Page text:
since everyone in the video clearly had that youthful radiance to them, i went with my handy-dandy joe fresh illuminating primer [although i just mixed it in with my foundation]. i just don't glow like that anymore without help.

clearly, the looks are all about da pink, sometimes on the eyes and sometimes on the lips, but i just said "screw it" and did both. i combined a lot of mac eye shadows to get that medium-to-slightly-cool pink that most of the young women are wearing, including a couple of limited edition products. i found "sushi flower" was too warm and coral on its own, so i topped it with "sunset b" and added the cooler, more violet-fuchsia "lala" on the outside of the eyes. then i tapped "swish" on the centre to give a bit of a highlight. that list bit is a departure from what you see in the video, because the makeup they've used is quite matte. i think that you could probably achieve something similar with just "sushi flower" and "swish", but if you wanted a cooler medium pink to combine, i think that mac "cherry topped" would work.

along with the pink, i noticed one woman who was wearing bright yellow shadow, so i decided to incorporate that as well with the pink, in the crease. i also added some black eyeliner, which, along with combining colours, is different than what's in the video, but was necessary to make the look just a little less "editorial" and more wearable when i went out to the grocery store later on.

the cheeks in the video are pretty subtle, so i just dabbed a little colour and highlighter on: more glow and not quite as drastic looking as no blush at all [which i considered].

as far as the lip, in my collection "candy yum yum" was the hands-down choice in terms of colour. it really is the perfect, bright, candy pink. i wouldn't even be surprised if it was one of the colours used in the video. bite "cotton candy" would be another good choice. if you're the kind of person who wears cooler pinks well, i think mac "st. germain" or "pink nouveau" would be nice options from that family [although lighter]. bold fuchsia looked too red, and competed too much with the eye.

it's not a look that lends itself to being tamped down, but if you wanted to try something more subtle, i'd drop "bright sunshine" [the yellow shade] in favour of something yellow-toned but softer and apply the pinks with a lighter hand. on the lips, you could opt for bite "dragonfruit" which is still pretty bright, but a bit deeper and more muted, or a warm pink like mac "chatterbox".




here's what i used to look that way ::

the base ::
clarins skin illusion natural radiance light reflecting foundation 103
clarins instant concealer 01
joe fresh illuminating primer "pure glow"
guerlain pressed meteorites 01 "clair"

the eyes ::
mac "sushi flower"
mac "sunset b"*
mac "lala"*
mac "swish"
mac "bright sunshine"
mac "vanilla"
marc jacobs highliner gel crayon e/l "blacquer"
colour pop e/l "exit"
marc jacobs velvet noir major volume mascara

the cheeks ::
tarte cheek stain "flush"
guerlain pressed powder "parure de nuit"*

lips ::
mac matte l/s "candy yum yum"

*indicates a limited edition or discontinued product.

i apologise for the quality of those photos, by the way. the battery for my regular camera has given up the ghost, which means i've had to resort to phone photos. they look decent enough small. maybe don't click on them.

those weird faces i'm making were completely unintentional, by the way. i have no idea what was going through my head, other than that catchy little song.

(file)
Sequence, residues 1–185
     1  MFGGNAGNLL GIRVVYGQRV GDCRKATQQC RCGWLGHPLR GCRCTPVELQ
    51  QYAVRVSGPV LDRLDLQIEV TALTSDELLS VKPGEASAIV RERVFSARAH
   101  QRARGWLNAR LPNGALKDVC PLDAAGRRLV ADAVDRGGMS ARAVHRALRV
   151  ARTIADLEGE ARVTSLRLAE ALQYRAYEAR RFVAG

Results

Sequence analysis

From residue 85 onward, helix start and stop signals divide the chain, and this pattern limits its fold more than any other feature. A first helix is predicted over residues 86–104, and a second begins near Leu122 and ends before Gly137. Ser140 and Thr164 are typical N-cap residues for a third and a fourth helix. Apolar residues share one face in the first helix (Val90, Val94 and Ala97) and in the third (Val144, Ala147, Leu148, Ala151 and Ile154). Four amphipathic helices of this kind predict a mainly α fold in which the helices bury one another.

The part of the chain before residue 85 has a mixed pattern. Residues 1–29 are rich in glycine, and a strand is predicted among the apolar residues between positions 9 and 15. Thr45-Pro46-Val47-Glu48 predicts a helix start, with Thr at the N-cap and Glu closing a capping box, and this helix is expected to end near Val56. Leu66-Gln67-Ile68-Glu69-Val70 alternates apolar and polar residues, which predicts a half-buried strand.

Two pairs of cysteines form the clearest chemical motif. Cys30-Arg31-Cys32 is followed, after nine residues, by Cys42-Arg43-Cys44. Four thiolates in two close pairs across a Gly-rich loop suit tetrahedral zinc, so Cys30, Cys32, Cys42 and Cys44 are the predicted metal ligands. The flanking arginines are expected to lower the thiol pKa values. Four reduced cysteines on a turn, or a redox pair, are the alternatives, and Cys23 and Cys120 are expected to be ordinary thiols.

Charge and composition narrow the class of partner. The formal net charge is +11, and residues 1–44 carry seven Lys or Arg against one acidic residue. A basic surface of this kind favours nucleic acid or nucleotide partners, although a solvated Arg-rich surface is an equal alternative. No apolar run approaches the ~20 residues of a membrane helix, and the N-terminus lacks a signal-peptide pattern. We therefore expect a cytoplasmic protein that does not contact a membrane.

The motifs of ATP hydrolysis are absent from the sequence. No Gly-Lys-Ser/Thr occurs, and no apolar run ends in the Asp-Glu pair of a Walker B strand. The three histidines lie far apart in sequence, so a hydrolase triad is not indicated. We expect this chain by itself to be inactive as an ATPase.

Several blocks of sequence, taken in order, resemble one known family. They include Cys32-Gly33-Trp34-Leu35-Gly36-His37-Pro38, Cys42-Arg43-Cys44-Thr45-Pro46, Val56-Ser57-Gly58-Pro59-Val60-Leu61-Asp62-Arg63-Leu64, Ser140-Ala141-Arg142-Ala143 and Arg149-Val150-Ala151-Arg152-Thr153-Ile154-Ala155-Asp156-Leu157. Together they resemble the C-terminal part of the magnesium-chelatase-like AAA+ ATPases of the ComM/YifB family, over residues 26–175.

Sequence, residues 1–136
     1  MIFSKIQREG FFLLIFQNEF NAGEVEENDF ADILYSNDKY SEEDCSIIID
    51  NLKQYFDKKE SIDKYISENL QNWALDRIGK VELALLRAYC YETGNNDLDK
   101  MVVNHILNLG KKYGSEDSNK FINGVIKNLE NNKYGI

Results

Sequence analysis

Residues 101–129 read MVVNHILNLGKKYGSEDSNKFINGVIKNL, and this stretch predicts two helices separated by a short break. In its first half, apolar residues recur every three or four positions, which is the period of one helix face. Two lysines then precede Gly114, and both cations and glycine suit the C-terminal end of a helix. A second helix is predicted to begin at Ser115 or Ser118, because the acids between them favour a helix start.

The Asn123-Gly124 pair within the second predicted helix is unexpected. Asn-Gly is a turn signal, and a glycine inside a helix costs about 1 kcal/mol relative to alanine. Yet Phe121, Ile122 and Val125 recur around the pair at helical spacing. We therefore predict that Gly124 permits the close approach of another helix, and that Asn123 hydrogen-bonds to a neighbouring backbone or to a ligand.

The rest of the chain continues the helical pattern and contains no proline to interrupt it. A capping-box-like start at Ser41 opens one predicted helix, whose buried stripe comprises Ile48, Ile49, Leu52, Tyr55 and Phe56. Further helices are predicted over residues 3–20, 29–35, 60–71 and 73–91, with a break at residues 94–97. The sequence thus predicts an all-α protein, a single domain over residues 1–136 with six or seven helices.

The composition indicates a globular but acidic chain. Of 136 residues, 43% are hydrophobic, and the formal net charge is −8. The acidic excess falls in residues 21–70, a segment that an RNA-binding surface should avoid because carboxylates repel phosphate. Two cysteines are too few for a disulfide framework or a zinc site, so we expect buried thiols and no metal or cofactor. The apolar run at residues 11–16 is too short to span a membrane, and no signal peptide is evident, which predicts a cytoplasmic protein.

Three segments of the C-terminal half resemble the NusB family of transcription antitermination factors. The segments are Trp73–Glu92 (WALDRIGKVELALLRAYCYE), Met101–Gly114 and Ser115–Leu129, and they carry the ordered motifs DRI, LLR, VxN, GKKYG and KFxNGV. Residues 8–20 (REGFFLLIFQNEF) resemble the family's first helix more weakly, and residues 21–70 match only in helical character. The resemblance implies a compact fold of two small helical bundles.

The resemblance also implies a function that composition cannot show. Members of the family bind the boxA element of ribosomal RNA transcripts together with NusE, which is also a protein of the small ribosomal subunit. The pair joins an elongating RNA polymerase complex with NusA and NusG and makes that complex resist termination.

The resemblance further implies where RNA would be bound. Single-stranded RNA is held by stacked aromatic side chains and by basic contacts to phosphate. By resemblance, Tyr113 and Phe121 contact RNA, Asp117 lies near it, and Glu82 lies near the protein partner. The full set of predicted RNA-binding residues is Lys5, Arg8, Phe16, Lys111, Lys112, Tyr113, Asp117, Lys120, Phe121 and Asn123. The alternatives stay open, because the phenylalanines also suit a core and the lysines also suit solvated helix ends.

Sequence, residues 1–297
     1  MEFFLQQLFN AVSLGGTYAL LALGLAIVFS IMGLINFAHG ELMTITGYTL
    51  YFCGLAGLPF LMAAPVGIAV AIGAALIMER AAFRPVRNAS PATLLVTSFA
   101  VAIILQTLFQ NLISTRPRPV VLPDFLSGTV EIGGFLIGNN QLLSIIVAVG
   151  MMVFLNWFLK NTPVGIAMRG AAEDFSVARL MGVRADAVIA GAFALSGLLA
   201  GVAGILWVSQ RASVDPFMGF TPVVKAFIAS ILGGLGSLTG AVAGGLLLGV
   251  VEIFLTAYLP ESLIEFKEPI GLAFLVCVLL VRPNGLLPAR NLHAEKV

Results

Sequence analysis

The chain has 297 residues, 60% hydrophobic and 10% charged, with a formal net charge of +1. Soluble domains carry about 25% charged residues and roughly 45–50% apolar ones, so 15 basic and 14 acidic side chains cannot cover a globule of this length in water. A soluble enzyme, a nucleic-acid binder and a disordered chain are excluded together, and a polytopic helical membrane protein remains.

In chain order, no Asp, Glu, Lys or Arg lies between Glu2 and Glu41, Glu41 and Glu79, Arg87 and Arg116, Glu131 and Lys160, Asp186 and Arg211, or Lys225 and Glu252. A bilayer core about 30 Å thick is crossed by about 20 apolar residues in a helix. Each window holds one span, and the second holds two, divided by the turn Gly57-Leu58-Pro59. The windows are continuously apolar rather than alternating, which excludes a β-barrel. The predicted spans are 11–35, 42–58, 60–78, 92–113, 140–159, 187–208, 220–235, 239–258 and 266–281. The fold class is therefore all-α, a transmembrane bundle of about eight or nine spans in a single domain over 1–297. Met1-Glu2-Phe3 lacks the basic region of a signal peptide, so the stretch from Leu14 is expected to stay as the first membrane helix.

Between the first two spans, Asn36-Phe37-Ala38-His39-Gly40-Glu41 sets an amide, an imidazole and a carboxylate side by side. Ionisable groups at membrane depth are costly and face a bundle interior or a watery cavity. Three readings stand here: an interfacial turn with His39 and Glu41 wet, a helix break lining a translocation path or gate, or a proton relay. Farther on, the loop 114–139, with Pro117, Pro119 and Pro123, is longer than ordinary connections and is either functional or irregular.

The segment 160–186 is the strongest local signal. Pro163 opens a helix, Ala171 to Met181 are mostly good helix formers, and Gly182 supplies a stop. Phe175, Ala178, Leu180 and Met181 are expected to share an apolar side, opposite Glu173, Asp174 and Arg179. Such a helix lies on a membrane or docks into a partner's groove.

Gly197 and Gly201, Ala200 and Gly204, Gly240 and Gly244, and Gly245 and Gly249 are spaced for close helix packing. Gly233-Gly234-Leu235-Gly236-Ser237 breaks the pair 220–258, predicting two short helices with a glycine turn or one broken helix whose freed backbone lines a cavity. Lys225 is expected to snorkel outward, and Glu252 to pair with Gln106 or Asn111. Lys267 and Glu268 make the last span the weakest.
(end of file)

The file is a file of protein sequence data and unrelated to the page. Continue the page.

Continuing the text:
so remember:

1. not all traditions are worth saving.
2. the female clitoris is not something other people should be making decisions about.
3. cutting off parts of someone's body without their informed consent is just bad.

you can find out more about the group that put that lovely video together right here. [and make a donation to help fund their work.]

10 February 2017

uncle alex and the sands of time

black watch soldiers marching in mesopotamia, wwi

when i was growing up, there was a photograph that hung in the landing of our staircase. i saw it every time i went downstairs to play in our [mostly] finished basement, which was pretty much every day, usually more than once. the picture was a black and white of a dark-haired, bearded man in full highland regalia. i knew early on that this was "uncle alex", although it took me a while to realise that he was my father's uncle and not mine. i knew that uncle alex had died in the first world war, supposedly at gallipoli with many, many, many other soldiers. i was probably the only seven year old to know what a "gallipoli" was.

as an adult, when i developed an interest in genealogy, one of the first things that i did was look for information about uncle alex. i quickly found out that he was buried with his parents in the cape breton town where the clan had lived since they were driven out of scotland in the 19th century. his epitaph was not elaborate, but it did give his date of birth and the date and place of his death: january 21, 1916 at the "battle of mesopotamia", as well as the fact that he was a member of the "2nd black watch".

right away, this information threw a wrench in my established narrative: the date of his death corresponded with nothing to do with gallipoli, which had been evacuated much earlier. but nor was there any record of the "battle of mesopotamia" in the annals of wwi history. i don't blame my father for this, although he is one prone to exaggerating his proximity to important events. he would not have heard about his uncle until decades after the man's death. his father, alex's younger brother, would have been in his sixties by the time he related it, and who knows how good the information received by the family was to begin with? the date inscribed on the grave, however, did give me a good lead on the actual circumstances of his death.